It's time for a gut check.

Reuters News Agency reported recently that the nuclear talks in North Korea "closed...with what the six nations (North and South Korea, Japan, Russia, the United States and China) had predicted to be the best possible outcome", which was that they agreed to have another meeting. It may not seem like much of a positive to the layman's eye, but given that the North Koreans reportedly used the meeting to inform their American rivals that they already had nuclear weapons and the necessary delivery systems and "would prove [their] nuclear credentials by carrying out a test", even getting everyone to agree to come back to the table at a future date must have seemed like a Herculean task.

Is anyone really surprised by North Korea's actions? This nuclear brinkmanship is just the latest in the long string of Kim Jong-Il's attempts to keep "The Revolution" in Korea going when it should really have died with his father, Kim Il-Sung. Joining the nuclear club just means that his people will starve faster while what little disposable income the Communist regime has will go to supporting a strategic posture that is neither viable (creating and maintaining these assets will do nothing to hurt the target of the policy, the U.S., unless they are used, and they'd never be able to match, much less surpass, the U.S.'s arsenal) nor necessary (I'm sure China would be more than willing to quietly take up some of the strategic slack if Kim would just "dummy up" and leave the heavy strategizing in the region to them).

So why play the nuclear card? Some will say it's because Bush included North Korea in his "Axis of Evil". That speech may have prompted them to be more overt, but the North Koreans have had a nuclear weapons program for a long time, long before Bush got into office. Besides, the Democratic People's Republic of Korea can hardly be considered part of an "Alliance of Good." This isn't about rhetoric or fear of what the current administration might do. According to the Reuters story, Mohamed ElBaradei of the United Nations said North Korea was "guilty of nuclear 'blackmail'." This is true, but so far the Bush Administration has reacted well to this latest attempt, stating that it wants "a commitment that North Korea will scrap its program before making any concessions." This is the diplomatic equivalent of saying "You First."



It isn't just about blackmail either. I think there's something much bigger at work here, and if I'm right the most dangerous thing we could do right now is rely on Russia or China to help us reach a satisfactory agreement with North Korea.



We may have to face a harsh reality: The Cold War may not be over. Ronald Reagan's victory over the Soviet Union and the Eastern Bloc in Europe and Communist Revolutionaries in South America, stunning and brilliant though it may have been, may just have been the end of "major combat operations", to use the vernacular of the day. As in Iraq, the defeat of the Communist major players has left us with the die-hards, the self-deluded and the hangers-on to deal with. China, the biggest of these "Communist Fedayeen", hides its Communist oppression behind Diplomatic and Economic Globalism. Cuba avoids a well-deserved collapse with economic support from European liberals and PR support from American ones. North Korea enjoys none of these life support measures. It can, however, build a nuke, and thus hopes to use this skill to get at least the type of help Cuba gets before its revolution is stalled (when the people totally collapse from exhaustion) or "countered" (when those strong enough to stand up and pick up a gun realize how much good they can accomplish by using it against their "comrades" in Pyongyang).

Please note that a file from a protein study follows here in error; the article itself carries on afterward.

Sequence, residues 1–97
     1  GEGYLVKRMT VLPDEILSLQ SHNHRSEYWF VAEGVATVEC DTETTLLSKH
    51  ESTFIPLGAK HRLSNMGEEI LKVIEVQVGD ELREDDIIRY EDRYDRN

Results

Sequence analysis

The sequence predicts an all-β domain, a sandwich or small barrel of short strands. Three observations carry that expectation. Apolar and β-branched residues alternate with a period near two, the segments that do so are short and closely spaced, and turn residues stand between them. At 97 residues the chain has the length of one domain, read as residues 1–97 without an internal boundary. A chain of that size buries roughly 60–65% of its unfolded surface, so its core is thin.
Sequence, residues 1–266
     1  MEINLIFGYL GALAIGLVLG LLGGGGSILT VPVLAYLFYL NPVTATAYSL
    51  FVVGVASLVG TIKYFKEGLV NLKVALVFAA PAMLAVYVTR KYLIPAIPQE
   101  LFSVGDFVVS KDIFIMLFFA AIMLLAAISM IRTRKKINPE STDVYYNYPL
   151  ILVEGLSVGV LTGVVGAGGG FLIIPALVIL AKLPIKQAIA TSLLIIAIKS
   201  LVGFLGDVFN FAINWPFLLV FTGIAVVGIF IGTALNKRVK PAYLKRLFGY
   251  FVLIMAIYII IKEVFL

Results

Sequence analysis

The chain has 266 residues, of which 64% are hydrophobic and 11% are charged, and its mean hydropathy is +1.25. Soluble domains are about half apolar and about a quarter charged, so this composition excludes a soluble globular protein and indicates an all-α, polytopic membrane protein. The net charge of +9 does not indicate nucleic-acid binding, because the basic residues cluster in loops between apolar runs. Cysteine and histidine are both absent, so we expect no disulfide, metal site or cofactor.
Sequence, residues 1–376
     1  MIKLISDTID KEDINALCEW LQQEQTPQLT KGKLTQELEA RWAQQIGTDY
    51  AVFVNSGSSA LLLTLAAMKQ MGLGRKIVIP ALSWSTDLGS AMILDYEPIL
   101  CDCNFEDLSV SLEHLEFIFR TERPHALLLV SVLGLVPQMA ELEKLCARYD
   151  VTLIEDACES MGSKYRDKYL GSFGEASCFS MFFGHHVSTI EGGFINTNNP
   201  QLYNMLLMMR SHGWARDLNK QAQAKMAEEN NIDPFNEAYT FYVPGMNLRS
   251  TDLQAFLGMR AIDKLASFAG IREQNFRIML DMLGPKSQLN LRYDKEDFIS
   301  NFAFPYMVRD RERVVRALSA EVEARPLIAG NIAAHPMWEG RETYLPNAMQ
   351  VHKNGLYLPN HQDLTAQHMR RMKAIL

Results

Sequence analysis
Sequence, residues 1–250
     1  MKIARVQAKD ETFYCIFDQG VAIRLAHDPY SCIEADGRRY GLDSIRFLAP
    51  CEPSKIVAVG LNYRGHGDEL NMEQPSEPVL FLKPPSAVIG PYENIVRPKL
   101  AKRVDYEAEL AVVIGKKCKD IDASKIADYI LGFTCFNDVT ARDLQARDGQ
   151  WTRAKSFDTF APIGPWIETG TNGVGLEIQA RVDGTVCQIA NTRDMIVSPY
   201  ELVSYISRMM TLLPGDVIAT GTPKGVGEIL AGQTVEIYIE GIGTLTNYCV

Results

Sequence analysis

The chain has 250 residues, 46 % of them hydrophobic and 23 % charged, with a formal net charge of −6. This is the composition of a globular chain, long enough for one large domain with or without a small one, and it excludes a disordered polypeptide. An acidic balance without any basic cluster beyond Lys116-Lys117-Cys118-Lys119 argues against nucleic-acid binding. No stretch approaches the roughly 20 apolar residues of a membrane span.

Well, if we're going to fight "Cold War II" we can get the ball rolling by dealing with North Korea, and I say we should start by reactivating a great Cold War asset: The Strategic Air Command. The U.S. Air Force has been restructured since Bush (41) stood the unit down, but SAC can be rebuilt under the aegis of the U.S. Strategic Command, using aircraft already available from the Air Force's Air Combat Command. The idea is to do "Grand Tour Lite": Keep several long-range heavy bombers on station just outside of DPRK air space 24/7, ready to streak in and turn every inch of North Korea's command structure into a smoking-hole-in-the-ground using nuclear-tipped bombs and cruise missiles. Just having the assets to do this orbiting off the peninsula round-the-clock illustrates several points:



-Having a couple of nukes on missiles that will only reach Japan or Taiwan won't save North Korea from America's wrath. We could disintegrate their nukes on the ground and save our ICBM's for the really important bad guys.



-Knowing that, it should be easier for the DPRK to figure out that it's better to just dismantle the stupid things than to risk them being lost--along with the ability to make them--in a "preemptive strike."



-Here's another harsh reality: Those with the most nukes and the most effective delivery systems get to decide who else can have them. No, it's not fair. Life usually isn't.



The bottom line here is that North Korea is in no position to be demanding any concessions and those nations dealing with Pyongyang should act accordingly. China and Russia can, but won't. Japan and South Korea would, but can't. The United States can, should and must. It shouldn't just "look" for a commitment. It should demand one. It should demand the ability to verify the dismantling of the weapons with its own assets. If no commitment is forthcoming, it should take steps to disarm North Korea on its own, by any means necessary.